Approach #1: Subtree Sum and Count [Accepted]
Intuition
Let ans
be the returned answer, so that in particular ans[x]
be the answer for node x
.
Naively, finding each ans[x]
would take time (where is the number of nodes in the graph), which is too slow. This is the motivation to find out how ans[x]
and ans[y]
are related, so that we cut down on repeated work.
Let's investigate the answers of neighboring nodes and . In particular, say is an edge of the graph, that if cut would form two trees (containing ) and (containing ).
Then, as illustrated in the diagram, the answer for in the entire tree, is the answer of on
"x@X"
, plus the answer of on
"y@Y"
, plus the number of nodes in
"#(Y)"
. The last part "#(Y)"
is specifically because for any node z in Y
, dist(x, z) = dist(y, z) + 1
.
By similar reasoning, the answer for in the entire tree is ans[y] = x@X + y@Y + #(X)
. Hence, for neighboring nodes and , ans[x]  ans[y] = #(Y)  #(X)
.
Algorithm
Root the tree. For each node, consider the subtree of that node plus all descendants. Let count[node]
be the number of nodes in , and stsum[node]
("subtree sum") be the sum of the distances from node
to the nodes in .
We can calculate count
and stsum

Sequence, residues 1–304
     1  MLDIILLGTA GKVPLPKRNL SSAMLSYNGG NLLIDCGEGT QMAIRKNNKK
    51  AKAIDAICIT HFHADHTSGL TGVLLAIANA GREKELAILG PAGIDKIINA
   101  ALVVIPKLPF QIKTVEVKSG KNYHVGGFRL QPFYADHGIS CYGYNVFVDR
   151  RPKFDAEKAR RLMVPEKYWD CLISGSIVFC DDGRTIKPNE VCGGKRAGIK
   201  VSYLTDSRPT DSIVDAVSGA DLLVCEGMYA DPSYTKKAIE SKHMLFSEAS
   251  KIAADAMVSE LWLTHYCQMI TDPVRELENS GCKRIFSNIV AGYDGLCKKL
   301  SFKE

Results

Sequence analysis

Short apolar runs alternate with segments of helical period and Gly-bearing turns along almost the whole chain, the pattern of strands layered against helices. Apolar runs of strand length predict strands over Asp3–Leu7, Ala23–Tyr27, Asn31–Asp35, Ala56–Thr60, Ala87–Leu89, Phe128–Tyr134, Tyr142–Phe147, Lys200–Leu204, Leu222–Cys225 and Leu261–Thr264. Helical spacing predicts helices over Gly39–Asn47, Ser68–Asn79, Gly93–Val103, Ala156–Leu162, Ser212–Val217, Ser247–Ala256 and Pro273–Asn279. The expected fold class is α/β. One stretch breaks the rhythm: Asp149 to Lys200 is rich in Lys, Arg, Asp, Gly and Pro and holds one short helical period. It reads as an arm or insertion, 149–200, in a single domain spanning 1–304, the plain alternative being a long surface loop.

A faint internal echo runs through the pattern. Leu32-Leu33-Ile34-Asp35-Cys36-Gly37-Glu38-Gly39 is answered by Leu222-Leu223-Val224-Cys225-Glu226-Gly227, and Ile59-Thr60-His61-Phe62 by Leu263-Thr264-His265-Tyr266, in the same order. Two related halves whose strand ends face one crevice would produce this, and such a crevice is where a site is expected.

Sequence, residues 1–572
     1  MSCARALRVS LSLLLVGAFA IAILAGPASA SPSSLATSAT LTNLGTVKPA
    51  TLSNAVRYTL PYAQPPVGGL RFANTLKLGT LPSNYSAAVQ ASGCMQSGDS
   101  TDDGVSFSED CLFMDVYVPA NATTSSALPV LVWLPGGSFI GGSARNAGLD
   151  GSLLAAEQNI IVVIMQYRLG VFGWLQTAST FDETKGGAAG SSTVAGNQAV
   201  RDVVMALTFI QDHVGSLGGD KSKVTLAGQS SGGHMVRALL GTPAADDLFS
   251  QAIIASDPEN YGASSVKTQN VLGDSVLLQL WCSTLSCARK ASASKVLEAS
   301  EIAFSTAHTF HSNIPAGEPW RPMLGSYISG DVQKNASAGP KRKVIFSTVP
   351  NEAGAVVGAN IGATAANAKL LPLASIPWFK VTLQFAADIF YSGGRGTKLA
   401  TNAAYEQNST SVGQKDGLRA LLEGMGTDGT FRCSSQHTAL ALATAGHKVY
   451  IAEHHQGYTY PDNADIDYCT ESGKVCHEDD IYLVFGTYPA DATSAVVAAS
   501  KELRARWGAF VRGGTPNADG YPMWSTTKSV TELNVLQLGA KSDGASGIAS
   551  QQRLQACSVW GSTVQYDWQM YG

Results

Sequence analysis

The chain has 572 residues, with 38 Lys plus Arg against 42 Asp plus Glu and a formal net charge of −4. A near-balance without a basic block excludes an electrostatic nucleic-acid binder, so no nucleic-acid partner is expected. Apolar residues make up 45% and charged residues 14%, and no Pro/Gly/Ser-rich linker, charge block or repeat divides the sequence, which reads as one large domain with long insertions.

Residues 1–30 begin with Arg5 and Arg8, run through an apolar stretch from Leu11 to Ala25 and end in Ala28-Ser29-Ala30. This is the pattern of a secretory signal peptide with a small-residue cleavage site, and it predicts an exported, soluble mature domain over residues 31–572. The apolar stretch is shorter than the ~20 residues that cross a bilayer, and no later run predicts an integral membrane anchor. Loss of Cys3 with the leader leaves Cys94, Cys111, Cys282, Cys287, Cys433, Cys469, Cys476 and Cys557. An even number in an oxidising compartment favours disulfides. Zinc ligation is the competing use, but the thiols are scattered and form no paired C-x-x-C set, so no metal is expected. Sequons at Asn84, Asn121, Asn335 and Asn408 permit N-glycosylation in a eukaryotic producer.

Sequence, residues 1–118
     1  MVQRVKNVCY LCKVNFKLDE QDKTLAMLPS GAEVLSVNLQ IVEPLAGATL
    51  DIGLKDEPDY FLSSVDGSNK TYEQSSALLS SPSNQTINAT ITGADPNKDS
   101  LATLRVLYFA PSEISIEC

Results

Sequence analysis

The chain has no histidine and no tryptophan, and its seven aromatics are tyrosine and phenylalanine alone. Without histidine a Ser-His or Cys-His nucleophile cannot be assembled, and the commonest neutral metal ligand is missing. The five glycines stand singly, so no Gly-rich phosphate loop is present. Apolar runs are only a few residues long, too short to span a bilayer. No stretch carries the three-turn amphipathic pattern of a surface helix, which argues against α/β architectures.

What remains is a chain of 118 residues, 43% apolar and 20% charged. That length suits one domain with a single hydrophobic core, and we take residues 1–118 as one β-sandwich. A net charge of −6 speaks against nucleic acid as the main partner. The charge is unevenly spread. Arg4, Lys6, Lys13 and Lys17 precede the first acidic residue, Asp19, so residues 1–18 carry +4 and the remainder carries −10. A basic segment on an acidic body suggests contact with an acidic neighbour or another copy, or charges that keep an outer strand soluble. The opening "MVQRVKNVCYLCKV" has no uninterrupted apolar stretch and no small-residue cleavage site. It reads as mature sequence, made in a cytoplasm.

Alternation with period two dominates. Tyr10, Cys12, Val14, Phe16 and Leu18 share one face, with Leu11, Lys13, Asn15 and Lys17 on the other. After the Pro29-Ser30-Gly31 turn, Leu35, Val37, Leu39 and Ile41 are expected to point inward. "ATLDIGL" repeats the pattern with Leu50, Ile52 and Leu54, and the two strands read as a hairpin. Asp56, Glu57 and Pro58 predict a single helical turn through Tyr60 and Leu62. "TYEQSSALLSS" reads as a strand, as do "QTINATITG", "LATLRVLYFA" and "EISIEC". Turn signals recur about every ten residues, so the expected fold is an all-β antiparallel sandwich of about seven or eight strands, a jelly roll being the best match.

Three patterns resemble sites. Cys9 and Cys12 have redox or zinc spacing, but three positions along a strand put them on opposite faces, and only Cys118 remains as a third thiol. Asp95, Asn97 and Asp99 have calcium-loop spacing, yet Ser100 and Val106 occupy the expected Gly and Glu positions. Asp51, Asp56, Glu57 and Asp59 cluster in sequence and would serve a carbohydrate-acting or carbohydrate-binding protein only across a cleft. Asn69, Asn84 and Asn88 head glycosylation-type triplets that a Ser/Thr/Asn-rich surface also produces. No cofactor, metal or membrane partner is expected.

using a postorder traversal, where on exiting some node
, the count
and stsum
of all descendants of this node is correct, and we now calculate count[node] += count[child]
and stsum[node] += stsum[child] + count[child]
.
This will give us the right answer for the root
: ans[root] = stsum[root]
.
Now, to use the insight explained previously: if we have a node parent
and it's child child
, then these are neighboring nodes, and so ans[child] = ans[parent]  count[child] + (N  count[child])
. This is because there are count[child]
nodes that are 1
easier to get to from child
than parent
, and Ncount[child]
nodes that are 1
harder to get to from child
than parent
.
Using a second, preorder traversal, we can update our answer in linear time for all of our nodes.
Complexity Analysis

Time Complexity: , where is the number of nodes in the graph.

Space Complexity: .
Analysis written by: @awice.